A native San Diegan, Muir was a career firefighter who eventually rose to the rank of fire chief for the city of Encinitas. In his five years on the Council, he has not accepted the retirement salary because “I’m retired and have the time to dedicate myself to protecting, preserving and promoting our wonderful city.”
His current service extends beyond the City Council, as he is the Encinitas representative on the boards of the Encina Wastewater Authority; the San Elijo Joint Powers Authority; County Service Area (CSA)-17; North County Dispatch Joint Powers Authority (Chairperson); the Regional Solid Waste Association; the Santa Fe Irrigation District/San Dieguito Water District Badger Water Facilities Finance Authority; the Santa Fe Irrigation District/San Dieguito Water District Joint Facilities Advisory Committee; and the San Diego Association of Governments (SANDAG), and was recently elected as Chairperson of the San Diego County Water Authority.
Muir has been named one of the top 25 leaders in the past 25 years, a Community Hero by the Encinitas Chamber of Commerce and awarded the San Diego County Taxpayer Golden Watchdog for his leadership on the creation of the North County Fire Management Services Cooperative Agreement.
It all adds up, he says, to qualifications that he hopes the public considers when deciding which three of the five candidates — Muir, fellow incumbent Tony Kranz, Planning Commissioners Tony Brandenburg and Tasha Boerner Horvath, and former Assembly candidate Phil Graham — should fill the open Council seats on Nov. 8.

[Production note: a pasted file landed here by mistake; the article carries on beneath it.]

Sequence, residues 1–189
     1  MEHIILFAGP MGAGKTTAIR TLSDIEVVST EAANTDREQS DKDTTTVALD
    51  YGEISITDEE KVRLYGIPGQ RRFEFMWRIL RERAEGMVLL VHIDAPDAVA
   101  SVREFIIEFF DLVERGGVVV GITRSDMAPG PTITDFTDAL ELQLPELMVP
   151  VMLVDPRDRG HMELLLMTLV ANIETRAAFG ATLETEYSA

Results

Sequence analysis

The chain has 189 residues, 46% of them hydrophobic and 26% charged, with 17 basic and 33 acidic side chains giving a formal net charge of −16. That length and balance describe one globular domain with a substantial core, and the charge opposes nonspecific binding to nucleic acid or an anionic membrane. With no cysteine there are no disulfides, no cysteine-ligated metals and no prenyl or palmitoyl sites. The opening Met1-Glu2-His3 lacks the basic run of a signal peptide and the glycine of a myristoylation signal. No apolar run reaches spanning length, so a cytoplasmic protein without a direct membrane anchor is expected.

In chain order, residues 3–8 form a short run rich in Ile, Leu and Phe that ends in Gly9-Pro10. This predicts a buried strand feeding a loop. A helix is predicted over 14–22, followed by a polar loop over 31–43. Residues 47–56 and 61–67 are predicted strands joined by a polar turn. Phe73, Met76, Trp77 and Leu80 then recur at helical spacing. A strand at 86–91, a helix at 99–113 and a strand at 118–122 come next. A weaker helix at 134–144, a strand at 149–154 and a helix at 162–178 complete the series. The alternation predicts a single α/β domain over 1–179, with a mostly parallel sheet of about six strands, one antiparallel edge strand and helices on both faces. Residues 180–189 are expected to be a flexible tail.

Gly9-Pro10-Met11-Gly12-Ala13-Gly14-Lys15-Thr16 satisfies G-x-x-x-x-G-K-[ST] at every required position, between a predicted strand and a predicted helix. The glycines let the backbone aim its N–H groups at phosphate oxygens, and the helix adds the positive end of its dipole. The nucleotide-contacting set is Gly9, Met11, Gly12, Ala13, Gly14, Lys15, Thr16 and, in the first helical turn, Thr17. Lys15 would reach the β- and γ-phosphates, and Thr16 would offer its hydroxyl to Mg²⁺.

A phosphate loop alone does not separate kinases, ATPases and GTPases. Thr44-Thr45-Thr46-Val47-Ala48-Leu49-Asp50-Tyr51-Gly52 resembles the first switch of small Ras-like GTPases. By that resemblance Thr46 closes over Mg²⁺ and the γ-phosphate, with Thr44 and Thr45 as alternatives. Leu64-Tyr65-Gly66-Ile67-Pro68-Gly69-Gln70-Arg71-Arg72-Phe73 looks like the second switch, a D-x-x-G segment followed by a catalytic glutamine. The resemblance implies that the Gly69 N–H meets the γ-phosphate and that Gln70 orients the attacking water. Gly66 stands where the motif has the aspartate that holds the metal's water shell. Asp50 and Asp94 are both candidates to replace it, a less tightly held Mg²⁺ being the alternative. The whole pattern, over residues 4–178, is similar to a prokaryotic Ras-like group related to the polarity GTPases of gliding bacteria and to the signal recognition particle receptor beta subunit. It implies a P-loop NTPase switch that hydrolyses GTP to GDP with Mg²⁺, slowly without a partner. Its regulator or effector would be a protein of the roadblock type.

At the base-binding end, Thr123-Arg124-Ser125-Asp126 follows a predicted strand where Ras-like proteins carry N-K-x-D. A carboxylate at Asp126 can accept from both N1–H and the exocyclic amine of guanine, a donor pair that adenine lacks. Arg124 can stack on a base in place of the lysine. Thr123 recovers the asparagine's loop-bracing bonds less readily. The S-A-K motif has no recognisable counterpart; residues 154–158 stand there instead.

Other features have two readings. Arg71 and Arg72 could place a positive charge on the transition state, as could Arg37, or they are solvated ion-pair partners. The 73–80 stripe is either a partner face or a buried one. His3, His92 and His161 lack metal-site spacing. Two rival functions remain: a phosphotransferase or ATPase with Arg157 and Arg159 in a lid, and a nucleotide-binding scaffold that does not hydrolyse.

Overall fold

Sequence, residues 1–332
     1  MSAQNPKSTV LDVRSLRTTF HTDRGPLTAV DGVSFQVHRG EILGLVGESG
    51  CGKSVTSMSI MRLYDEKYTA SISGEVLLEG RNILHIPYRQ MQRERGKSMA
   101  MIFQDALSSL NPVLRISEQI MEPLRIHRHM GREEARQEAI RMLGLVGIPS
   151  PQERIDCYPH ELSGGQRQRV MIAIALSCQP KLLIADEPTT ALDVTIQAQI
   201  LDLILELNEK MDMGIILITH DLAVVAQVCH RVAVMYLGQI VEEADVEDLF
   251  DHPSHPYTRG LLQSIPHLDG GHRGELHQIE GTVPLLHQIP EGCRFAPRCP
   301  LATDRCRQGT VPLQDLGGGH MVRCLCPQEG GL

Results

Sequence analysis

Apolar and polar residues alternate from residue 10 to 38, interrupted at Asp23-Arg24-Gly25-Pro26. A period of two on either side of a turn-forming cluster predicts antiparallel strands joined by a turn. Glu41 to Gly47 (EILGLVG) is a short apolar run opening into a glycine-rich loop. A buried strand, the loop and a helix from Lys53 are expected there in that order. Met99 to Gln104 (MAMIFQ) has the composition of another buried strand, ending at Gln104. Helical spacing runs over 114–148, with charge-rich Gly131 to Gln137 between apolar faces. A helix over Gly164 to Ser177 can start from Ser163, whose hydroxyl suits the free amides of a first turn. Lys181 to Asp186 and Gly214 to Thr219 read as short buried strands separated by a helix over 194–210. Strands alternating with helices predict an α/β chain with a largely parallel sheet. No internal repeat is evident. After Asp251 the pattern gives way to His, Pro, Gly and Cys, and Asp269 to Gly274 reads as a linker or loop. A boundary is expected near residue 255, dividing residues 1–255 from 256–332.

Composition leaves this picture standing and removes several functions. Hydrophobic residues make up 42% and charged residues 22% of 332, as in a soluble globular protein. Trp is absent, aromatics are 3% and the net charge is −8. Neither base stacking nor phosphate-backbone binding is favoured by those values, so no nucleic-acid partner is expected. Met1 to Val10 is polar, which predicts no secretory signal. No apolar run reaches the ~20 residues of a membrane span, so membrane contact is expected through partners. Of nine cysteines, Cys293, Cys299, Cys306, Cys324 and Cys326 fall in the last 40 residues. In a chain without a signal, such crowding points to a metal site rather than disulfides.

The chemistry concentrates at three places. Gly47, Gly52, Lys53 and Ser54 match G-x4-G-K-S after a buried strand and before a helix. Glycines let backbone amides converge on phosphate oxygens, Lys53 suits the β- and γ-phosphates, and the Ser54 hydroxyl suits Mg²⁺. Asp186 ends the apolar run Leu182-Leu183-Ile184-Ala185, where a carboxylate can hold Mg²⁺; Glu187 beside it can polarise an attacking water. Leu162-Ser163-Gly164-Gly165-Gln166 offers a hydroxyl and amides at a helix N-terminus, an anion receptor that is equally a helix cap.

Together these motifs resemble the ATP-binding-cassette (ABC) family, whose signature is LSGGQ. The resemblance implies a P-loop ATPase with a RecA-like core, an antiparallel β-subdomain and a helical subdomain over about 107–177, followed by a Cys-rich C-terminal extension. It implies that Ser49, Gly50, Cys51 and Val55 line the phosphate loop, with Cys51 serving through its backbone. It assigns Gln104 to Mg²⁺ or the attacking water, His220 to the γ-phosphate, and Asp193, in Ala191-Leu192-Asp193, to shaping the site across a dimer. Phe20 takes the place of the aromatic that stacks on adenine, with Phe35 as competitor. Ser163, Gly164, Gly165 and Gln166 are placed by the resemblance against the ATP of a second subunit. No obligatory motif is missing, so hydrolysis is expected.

“My strong public service experience, fiscal record and community representation make me the most qualified candidate to fight for a balanced budget, prioritize spending and protect our local quality of life,” Muir said in an email to the Encinitas Advocate.
The biggest challenge Muir says the Council faces right now is passing the Housing Element, which is on the ballot Nov. 8 as Measure T.
“It’s a difficult process to educate and inform voters on the opportunities and consequences of having or not having a legal, balanced and quality housing plan that addresses community character and protects our small beach town quality of life,” Muir explained. “I think it’s important for the community to educate themselves on Measure T and make an informed decision.”
Other issues Muir would like the chance to continue working on from the Council dais include preserving community character and environmental stewardship.
“I have the best voting record on the Council for protecting community character and fighting against development projects that don’t fit into a neighborhood,” Muir said. “As a longtime Encinitas resident and native to this area, I treasure the natural resources and environment we’re lucky enough to enjoy. That’s why I’ve worked hard to ensure our city dedicates resources to improving our environment, to protect our community from overbuilding and recently requested that the Council do more to acquire open space and recreational trails.
“I’m dedicated to protecting and preserving our local neighborhoods and community.”
Muir and his wife Maureen, a San Dieguito Union High School District board member, have one son, Scotland. Mark Muir earned an associate degree in fire science, a teaching credential and a bachelor’s degree in emergency planning, and he’s currently working toward completion of a master’s degree in public administration from San Diego State University.